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November 30, 2013

Top Reasons Why Injured Workers Seek Attorneys

Summary:

This article relates 13 potential causes why injured workers seek attorney representation in workers’ compensation matters.  

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Defying the conspicuously silent logic of the hoary adage that “what happens in Vegas, stays in Vegas,” disavowing any apostolic compulsion to confess, we herewith reveal the transparent composition of our recent presentation before the National Workers’ Compensation and Disability Conference and Expo, held in Las Vegas from Nov. 20, 2013, through Nov. 22, 2013, with apologies and atonements to David Letterman, he of the infamous Top Ten, as well as Alan Pierce, Esquire, our tactfully laconic moderator during our Vegas session on Nov. 22, allowing our panel, and our attentive audience, to review and identify the following potential causes as reasons injured workers seek attorney representation in workers’ compensation matters:

1. Claim Denial

  • This is the number one reason why injured workers hire attorneys;
  • Denials are often, but not always, triggered by claim investigation;
  • Multiple factors influence claim denials, including medical evaluations, work restrictions, availability of alternative-duty work, prior claim history, and employer input.

2. Injured Worker Represented In Prior Claim

  • The existence of a prior attorney-client relationship, obviously dependent upon prior claim outcome, will usually result in an injured worker retaining attorney for a new claim.

3. Confusing State Forms

  • Certain jurisdictions, Pennsylvania being one of them, employ compensation forms that even judges, experienced counsel, and the most highly sophisticated claims adjusters struggle to understand, in terms of their effect on compensability, disability, and related issues;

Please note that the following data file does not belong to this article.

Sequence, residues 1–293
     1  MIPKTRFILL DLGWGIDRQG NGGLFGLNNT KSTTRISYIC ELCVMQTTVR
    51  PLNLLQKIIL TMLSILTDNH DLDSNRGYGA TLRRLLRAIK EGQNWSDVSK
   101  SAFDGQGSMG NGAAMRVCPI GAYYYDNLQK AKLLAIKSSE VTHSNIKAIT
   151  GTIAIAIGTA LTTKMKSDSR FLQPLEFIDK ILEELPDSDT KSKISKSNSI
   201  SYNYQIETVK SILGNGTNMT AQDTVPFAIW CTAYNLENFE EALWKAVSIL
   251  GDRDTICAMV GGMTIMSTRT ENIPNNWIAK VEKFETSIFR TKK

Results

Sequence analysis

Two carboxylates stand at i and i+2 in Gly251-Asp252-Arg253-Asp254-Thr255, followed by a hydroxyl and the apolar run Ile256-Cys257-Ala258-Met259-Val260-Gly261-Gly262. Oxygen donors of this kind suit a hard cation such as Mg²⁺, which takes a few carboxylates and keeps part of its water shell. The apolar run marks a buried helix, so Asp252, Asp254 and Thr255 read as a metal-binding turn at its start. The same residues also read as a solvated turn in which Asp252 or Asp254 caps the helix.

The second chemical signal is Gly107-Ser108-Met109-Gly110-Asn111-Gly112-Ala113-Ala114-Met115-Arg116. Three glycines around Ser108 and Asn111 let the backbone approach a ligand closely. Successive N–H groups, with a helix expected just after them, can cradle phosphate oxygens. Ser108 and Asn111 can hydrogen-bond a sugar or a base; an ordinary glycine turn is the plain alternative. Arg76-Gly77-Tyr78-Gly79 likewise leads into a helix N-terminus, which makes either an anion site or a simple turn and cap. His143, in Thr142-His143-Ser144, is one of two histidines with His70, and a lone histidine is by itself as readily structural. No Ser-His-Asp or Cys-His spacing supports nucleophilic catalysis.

• Receipt of a state form, accompanied by a form letter, can be confusing to an injured worker unskilled in compensationitis;
  • The same form can be the impetus for the Google keystroke, the counterpoint being to use simple, direct, and non-insulting directions for form execution and return.

4. Cessation/Termination of Claim Benefits

  • Stopping benefits, absent agreement to the stoppage, generally results in attorney retainage;
  • Employer-filed WC litigation seeking to cease/terminate claim benefits drives injured workers to attorneys.

5. Process Overwhelms and Confuses

  • Although not rocket science, it is a not uncomplicated process to secure or retain workers’ compensation benefits, particularly when potentially related to other alphabet soup statutes, such as FMLA, ADA, and Unemployment Compensation, as well as private disability coverage.

6. Dissatisfaction with Medical Care

  • Cannot get medical treatment authorized;
  • Does not like employer-designated health-care practitioner;
  • Disagrees with, or will not follow through with, treatment recommendation;
  • Cannot get the claims adjuster to answer questions regarding medical compensation benefits.